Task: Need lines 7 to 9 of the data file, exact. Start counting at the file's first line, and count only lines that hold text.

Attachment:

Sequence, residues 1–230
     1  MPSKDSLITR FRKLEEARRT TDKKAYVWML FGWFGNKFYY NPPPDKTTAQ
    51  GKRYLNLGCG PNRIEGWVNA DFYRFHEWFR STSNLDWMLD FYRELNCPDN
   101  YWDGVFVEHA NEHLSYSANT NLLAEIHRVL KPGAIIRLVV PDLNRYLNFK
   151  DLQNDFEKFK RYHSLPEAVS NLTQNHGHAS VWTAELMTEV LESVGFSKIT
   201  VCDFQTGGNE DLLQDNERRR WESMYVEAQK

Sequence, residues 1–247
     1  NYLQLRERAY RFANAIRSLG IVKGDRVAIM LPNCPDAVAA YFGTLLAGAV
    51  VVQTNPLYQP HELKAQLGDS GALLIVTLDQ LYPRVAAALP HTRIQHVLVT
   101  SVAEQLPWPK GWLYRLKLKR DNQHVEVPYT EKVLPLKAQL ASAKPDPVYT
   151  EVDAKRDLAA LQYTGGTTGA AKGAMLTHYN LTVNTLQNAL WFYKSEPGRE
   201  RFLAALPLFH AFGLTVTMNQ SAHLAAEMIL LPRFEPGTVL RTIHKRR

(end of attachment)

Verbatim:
Sequence, residues 1–247
     1  NYLQLRERAY RFANAIRSLG IVKGDRVAIM LPNCPDAVAA YFGTLLAGAV
    51  VVQTNPLYQP HELKAQLGDS GALLIVTLDQ LYPRVAAALP HTRIQHVLVT